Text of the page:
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The name of the father of Ginx's Baby was Ginx. By a not unexceptional coincidence, its mother was Mrs. Ginx. The gender of Ginx's Baby was masculine.

On the day when our hero was born, Mr. and Mrs. Ginx were living at Number Five, Rosemary Street, in the City of Westminster. The being then and there brought into the world was not the only human entity to which the title of "Ginx's Baby" was or had been appropriate. Ginx had been married to Betsy Hicks at St. John's, Westminster, on the twenty-fifth day of October, 18--, as appears from the "marriage lines" retained by Betsy Ginx, and carefully collated by me with the original register. Our hero was their thirteenth child. Patient inquiry has enabled me to verify the following history of their propagations. On July the twenty-fifth, the year after their marriage, Mrs. Ginx was safely delivered of a girl. No announcement of this appeared in the newspapers.

On the tenth of April following, the whole neighborhood, including Great Smith Street, Marsham Street, Great and Little Peter Streets, Regent Street, Horseferry Road, and Strutton Ground, was convulsed by the report that a woman named Ginx had given birth to "a triplet," consisting of two girls and a boy. The news penetrated to Dean's Yard and the ancient school of Westminster. The Dean, who accepted nothing on trust, sent to verify the report, his messenger bearing a bundle of baby-clothes from the Dean's wife, who thought that the mother could scarcely have provided for so large an addition to her family. The schoolboys, on their way to the play-ground at Vincent Square, slyly diverged to have a look at the curiosity, paying sixpence a head to Mrs. Ginx's friend and crony, Mrs. Spittal, who pocketed the money, and said nothing about it to the sick woman. THIS birth was announced in all the newspapers throughout the kingdom, with the further news that Her Majesty the Queen had been graciously pleased to forward to Mrs. Ginx the sum of three pounds.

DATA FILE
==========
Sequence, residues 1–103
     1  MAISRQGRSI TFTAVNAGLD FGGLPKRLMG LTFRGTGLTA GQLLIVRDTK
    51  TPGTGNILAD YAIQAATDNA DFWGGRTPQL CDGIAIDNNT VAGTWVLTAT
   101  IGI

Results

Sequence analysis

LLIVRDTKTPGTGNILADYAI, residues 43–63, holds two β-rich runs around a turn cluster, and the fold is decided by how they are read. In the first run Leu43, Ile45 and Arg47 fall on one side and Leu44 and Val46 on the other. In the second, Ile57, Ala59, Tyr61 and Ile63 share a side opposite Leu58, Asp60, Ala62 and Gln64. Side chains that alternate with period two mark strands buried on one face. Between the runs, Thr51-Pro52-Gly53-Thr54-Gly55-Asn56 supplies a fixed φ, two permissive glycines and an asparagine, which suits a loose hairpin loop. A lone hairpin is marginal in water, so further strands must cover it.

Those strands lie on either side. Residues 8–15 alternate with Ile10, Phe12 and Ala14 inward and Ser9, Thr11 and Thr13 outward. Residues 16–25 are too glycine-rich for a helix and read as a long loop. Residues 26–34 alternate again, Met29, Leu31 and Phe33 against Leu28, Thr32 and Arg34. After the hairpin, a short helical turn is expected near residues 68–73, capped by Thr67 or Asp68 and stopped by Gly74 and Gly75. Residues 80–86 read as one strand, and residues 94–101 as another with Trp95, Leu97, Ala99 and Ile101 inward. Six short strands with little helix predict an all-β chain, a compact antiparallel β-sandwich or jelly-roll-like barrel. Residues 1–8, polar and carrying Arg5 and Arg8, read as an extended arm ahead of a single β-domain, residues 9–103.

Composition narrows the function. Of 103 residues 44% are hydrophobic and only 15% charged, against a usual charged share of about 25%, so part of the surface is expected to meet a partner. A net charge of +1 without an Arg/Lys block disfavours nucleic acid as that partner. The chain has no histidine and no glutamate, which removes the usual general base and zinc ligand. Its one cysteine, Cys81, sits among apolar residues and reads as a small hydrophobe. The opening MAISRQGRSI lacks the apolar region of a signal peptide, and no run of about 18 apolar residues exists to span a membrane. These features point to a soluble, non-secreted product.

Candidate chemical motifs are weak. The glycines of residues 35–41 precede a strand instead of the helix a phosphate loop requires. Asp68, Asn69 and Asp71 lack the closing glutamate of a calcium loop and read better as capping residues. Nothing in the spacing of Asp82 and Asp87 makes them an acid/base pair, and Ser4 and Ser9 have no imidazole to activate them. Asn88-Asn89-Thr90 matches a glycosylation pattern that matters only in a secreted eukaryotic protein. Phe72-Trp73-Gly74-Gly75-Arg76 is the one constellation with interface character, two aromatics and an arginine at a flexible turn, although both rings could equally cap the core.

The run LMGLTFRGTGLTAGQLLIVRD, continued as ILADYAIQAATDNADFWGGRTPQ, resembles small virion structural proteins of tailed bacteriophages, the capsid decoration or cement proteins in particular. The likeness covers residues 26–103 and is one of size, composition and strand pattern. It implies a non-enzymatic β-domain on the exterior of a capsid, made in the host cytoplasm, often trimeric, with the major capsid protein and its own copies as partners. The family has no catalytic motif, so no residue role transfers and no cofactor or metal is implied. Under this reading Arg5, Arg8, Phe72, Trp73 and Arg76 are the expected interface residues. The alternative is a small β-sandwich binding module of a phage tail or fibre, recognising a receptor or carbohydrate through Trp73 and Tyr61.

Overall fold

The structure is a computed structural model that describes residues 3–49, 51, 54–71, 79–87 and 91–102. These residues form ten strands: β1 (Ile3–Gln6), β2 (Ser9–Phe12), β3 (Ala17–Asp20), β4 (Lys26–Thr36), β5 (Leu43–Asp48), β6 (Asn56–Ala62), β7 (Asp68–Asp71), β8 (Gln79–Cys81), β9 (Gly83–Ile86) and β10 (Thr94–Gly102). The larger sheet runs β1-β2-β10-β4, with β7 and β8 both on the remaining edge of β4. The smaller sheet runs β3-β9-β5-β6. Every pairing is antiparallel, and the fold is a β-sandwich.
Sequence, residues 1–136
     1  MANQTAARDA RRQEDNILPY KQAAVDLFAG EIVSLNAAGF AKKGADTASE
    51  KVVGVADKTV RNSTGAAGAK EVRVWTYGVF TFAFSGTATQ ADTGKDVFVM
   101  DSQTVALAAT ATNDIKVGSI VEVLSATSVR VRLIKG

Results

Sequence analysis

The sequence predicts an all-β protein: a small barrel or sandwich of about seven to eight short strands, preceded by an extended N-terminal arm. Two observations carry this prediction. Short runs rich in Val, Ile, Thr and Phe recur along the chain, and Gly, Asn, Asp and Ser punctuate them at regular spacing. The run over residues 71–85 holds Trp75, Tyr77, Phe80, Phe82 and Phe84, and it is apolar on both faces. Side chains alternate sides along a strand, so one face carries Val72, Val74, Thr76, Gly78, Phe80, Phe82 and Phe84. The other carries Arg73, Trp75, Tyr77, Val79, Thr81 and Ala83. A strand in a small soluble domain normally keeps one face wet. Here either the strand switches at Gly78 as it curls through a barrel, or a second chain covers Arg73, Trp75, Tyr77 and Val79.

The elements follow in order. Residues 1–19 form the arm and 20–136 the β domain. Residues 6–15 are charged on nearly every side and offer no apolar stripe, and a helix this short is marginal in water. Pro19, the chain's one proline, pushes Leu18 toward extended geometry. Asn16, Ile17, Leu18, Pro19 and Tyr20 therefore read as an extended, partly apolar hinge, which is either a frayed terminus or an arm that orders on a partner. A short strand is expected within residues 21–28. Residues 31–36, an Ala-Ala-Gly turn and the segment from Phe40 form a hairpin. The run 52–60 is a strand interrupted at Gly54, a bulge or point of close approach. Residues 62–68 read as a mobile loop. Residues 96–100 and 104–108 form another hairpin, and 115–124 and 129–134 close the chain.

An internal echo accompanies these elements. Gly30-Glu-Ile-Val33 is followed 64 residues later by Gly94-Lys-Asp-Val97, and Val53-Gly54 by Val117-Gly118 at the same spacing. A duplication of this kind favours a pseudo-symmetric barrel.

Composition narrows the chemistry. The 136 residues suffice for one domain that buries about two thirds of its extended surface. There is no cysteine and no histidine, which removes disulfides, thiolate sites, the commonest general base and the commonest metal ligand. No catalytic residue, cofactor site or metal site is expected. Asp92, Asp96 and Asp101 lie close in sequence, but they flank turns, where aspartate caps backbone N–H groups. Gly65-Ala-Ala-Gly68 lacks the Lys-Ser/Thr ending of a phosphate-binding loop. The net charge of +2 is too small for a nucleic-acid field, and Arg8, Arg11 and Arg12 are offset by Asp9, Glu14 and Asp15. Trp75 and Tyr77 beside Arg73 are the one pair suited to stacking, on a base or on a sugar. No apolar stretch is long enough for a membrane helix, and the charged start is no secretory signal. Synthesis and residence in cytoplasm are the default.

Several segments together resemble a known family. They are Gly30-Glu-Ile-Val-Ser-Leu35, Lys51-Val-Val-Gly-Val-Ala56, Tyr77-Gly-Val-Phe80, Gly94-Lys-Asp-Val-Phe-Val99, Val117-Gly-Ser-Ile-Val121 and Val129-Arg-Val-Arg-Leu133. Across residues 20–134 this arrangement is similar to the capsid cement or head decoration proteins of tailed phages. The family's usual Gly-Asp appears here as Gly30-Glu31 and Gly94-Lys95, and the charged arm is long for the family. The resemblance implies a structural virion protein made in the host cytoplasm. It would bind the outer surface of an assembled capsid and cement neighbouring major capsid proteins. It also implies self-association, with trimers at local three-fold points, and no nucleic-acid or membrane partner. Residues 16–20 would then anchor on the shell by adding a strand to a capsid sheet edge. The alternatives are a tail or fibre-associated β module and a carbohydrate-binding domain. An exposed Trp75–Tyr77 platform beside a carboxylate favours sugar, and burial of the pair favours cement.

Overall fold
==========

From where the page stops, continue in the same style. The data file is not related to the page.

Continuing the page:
What could have possessed the woman I can't say, but about a twelvemonth after, Mrs. Ginx, with the assistance of two doctors hastily fetched from the hospital by her frightened husband, nearly perished in a fresh effort of maternity. This time two sons and two daughters fell to the lot of the happy pair. Her Majesty sent four pounds. But whatever peace there was at home, broils disturbed the street. The neighbors, who had sent for the police on the occasion, were angered by a notoriety which was becoming uncomfortable to them, and began to testify their feelings in various rough ways. Ginx removed his family to Rosemary Street, where, up to a year before the time when Ginx's Baby was born, his wife had continued to add to her offspring until the tale reached one dozen. It was then that Ginx affectionately but firmly begged that his wife would consider her family ways, since, in all conscience, he had fairly earned the blessedness of the man who hath his quiver full of them; and frankly gave her notice that, as his utmost efforts could scarcely maintain their existing family, if she ventured to present him with any more, either single, or twins, or triplets, or otherwise, he would most assuredly drown him, or her, or them in the water-butt, and take the consequences.

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Etext Prepared by Charles Keller